Bridges to Community, Inc.

Building Communities, Changing LIves

aka Bridges to Community, BTC, Bridges   |   Chappaqua, NY   |  www.bridgestocommunity.org

Mission

Bridges to Community's mission is to build a more just and sustainable world through service learning and community development by engaging volunteers to work in developing countries—building community and changing lives.

Ruling year info

1994

Executive Director

Ms. Julia B. Hadlock

Main address

480 N. Bedford Road

Chappaqua, NY 10514 USA

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EIN

13-3731405

NTEE code info

International Cultural Exchange (Q21)

International Economic Development (Q32)

IRS filing requirement

This organization is required to file an IRS Form 990 or 990-EZ.

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Communication

Programs and results

What we aim to solve

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Our programs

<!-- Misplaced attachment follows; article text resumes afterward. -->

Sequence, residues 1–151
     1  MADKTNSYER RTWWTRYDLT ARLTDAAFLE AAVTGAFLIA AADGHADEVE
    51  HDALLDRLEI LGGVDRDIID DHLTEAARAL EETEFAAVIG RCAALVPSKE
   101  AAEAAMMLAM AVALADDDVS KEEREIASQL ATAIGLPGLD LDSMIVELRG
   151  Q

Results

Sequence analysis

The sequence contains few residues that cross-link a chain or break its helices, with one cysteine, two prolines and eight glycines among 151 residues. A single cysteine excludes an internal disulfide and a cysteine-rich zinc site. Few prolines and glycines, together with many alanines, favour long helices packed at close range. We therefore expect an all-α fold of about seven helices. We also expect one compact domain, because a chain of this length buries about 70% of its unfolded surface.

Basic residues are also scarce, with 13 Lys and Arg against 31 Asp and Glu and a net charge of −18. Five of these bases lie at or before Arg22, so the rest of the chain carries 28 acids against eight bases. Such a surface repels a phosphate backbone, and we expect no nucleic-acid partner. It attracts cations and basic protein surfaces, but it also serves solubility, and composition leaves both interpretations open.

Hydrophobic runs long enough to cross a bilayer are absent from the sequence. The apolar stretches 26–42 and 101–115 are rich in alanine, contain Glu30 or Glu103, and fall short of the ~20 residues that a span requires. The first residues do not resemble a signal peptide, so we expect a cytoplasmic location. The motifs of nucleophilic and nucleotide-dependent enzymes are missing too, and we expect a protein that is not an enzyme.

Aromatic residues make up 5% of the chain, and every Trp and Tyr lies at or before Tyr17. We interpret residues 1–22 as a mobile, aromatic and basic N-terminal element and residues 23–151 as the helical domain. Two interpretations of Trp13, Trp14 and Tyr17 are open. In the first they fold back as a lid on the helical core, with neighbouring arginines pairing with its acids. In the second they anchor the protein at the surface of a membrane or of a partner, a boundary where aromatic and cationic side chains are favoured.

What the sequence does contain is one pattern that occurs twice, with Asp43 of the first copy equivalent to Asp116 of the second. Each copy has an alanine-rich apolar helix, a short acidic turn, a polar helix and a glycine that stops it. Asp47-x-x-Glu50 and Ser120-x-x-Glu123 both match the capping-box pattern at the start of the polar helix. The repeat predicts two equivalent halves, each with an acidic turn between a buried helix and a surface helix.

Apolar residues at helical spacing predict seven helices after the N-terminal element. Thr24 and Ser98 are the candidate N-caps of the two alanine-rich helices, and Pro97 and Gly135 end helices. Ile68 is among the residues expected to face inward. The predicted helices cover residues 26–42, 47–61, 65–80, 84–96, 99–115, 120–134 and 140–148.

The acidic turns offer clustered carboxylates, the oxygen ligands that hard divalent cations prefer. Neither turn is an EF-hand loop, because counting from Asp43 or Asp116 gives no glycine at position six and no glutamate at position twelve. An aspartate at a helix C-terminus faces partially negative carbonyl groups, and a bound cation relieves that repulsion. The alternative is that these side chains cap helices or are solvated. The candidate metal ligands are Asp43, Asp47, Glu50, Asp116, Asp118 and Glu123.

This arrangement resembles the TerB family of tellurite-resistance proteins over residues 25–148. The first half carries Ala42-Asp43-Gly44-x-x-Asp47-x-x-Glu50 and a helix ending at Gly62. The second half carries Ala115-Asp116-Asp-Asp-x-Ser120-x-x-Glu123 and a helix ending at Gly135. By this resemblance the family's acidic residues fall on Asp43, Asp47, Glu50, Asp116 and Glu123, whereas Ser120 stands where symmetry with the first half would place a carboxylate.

SOURCE: Self-reported by organization

What are the organization's current programs, how do they measure success, and who do the programs serve?

Housing

Housing is the first step to making a family safe and healthy, and keeping their belongings secure, so that all family members can work or go to school. Bridges to Community helps families with housing through the construction of sturdy cinderblock homes and the securing of land titles for the owners. Beneficiary families pay a small monthly quota of $10 for a 7 year period. These payments go into a community fund that can then be used for other needed projects, such as small business loans, school or home repairs, clinic maintenance and other purposes. Bridges also works on housing repairs in communities where there is an existing structure, but additional work is needed to make it safe and secure.